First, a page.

Now, so far you are probably saying to yourself, “what a total sausagefest” because besides Natsuko from Bicycle Quarterly, and Lindsay, and Briana pictured above, there wasn’t too much in the way of gender diversity. For what it’s worth, I rattled some cages about getting folks like Megan from Moth Attack, or Natalie from Sweetpea in the trenches next year to make the scales a little less bro heavy.
The many ears I pitched that into were receptive, so my fingers are crossed that for the third year we will see a bit more XX and a bit less XY, and for the record, if I have to give up my spot to help that occur, I’d be happy to do it.
With day one in the bag, Robert and I crawled into his fart box and slept the sleep of the marginally innocent;
The next day was the big ride, and since I’m never sure how my wrists are gonna feel these days, I offered myself another out just in case. Again, I had no major issues, and again, the day was jam packed with rad getting;
The plan for the evening was to sit a spell and then rejoin the group at the Sierra Nevada Brewery for a tour and dinner. Quick before we bailed however, I decided the light was right for a couple detail shots of the machine I’d been blessed to throw my stink all over;
Now check this out. S&S couplers? No sirs and maams;
And, if by chance, you wanna run it one speed, no need to fuss with an eccentric bottom bracket, or sliding dropouts. Just extend the chain stays for tension;
Burnsey is a mad scientist.
Among all the pretty blue Paul doodads was their stem cap light mount;
I’d made a couple of cracks the night before wondering which part of my body would eventually get impaled upon it. It turns out that as a result of a mistimed zig in a line up a rocky ascent and a slipped pedal, the part in question turned out to be my right ball. I think a light mount for a town bike isn’t a bad idea. Having something like this on a dirt bike on the other hand is a thing that neither me or my balls are fans of.
The time had come to head to the brewery where we organized our bikes for display;
After which time we were treated to a tasting. Had any of us eaten in hours, or weren’t completely dehydrated, we might have been a bit more able to emote our enthusiasm, but the lot of us were cracked;
But we dug deep and enjoyed the goodness, because beer.
Then we headed out for the tour, during which time we learned about all of the intricacies of their process. Going in I was a bit skeptical because that’s my nature, but upon the tour’s conclusion I have nothing but respect for their business practices, environmental efforts, commitment to the community, and also the fact that they have a little fuzzy buddy who runs the show in their gigantic organic garden;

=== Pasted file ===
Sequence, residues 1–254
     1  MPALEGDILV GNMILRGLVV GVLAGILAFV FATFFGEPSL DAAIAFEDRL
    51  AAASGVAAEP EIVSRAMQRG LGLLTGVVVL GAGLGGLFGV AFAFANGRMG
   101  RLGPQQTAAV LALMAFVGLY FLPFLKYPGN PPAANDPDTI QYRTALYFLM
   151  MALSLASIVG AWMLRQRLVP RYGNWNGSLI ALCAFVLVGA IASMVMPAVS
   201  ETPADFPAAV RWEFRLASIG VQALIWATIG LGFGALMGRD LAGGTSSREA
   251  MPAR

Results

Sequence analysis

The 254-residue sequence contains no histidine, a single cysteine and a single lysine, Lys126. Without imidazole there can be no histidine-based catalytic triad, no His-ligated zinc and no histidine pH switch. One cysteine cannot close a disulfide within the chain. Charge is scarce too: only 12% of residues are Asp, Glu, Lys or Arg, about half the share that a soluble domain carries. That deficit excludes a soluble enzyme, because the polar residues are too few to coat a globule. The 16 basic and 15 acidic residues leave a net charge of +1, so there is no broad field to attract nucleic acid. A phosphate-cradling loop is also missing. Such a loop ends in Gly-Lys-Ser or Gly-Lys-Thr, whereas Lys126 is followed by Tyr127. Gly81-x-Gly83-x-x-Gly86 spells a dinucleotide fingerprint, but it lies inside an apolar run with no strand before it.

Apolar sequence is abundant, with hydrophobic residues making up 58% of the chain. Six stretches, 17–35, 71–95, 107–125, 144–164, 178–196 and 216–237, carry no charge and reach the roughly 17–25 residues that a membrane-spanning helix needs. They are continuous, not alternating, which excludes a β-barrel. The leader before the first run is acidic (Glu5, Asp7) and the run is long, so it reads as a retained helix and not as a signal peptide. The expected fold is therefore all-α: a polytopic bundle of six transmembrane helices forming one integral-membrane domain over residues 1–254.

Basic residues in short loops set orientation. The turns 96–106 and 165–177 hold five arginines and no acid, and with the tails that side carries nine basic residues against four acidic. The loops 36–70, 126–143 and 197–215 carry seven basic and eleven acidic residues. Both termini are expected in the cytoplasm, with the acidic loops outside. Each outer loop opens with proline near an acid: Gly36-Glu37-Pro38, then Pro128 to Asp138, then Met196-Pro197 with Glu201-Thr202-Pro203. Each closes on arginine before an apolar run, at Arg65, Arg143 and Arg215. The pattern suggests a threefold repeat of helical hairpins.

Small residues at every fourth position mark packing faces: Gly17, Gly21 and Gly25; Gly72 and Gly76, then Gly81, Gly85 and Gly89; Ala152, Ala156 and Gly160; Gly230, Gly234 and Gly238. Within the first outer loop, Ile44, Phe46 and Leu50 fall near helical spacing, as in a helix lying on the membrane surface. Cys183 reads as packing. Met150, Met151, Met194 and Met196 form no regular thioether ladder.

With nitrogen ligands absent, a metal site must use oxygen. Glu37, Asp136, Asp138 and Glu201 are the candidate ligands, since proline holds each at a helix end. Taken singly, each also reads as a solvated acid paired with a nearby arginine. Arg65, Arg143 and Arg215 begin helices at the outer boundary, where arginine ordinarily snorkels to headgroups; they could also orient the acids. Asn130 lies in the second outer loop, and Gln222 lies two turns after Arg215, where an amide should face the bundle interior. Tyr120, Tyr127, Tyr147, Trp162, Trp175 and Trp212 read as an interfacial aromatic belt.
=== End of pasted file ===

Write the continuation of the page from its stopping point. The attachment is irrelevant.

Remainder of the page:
During the tour, and because I’m a wise ass, I held my own dialog at the back of the group. Like for example when they showed us their huge composter that breaks down every ounce of food matter coming from the brewery’s restaurant, I discussed how long it would take to compost a body;
When our guide told us how many hundreds of thousands of barrels of beer they make a year, I then estimated what that meant in terms of hours worth of explosive diarrhea.
Our guide didn’t think I was as funny as I did, but then again, it might have just been my own delirium from spending the day riding a bike in the sun, and the resulting completely devastating sugar crash.
We finally took on a load of food, and talked about the day. Once I had my fill, I thanked our hosts, and ghosted so as to get horizontal and rest up for the final day of camp.
The last day included a shop tour, during which time I did donuts around the adjacent lot in Paul’s new dune buggy;
-and each of the builders, Alec from White Industries, and Paul himself talked a bit about their bikes, parts, company histories, and general ethos, while the rest of us ate food and enjoyed the shade;
One (among many) items that I found to be noteworthy was that White will soon be releasing their own line of headsets;
Because Alec hates taking off races as much as I do, he detailed how they’ve added a step cut on theirs, making it easier to remove. These are still in the testing phase but he said so far they’ve been exceeding all expectations, and should be available around the beginning of October.
I can’t remember for sure, but I think I gave him a high five for his efforts.
Finally, it came time for the bash to disband, and with heads and hearts topped off, after rounds of hugs and handshakes, we all jettisoned in our own different directions.
I have to thank both Paul the person as well as Paul the company for their generosity in including me, the builders for committing to their craft, and making such lovely bikes and parts, and the other actual non-air quote media for tolerating me.
To revisit today’s posts initial query- If a bunch of middle aged dudes fall down in the woods, and nobody’s there to hear it, do they make a sound?
Maybe no one will ever know.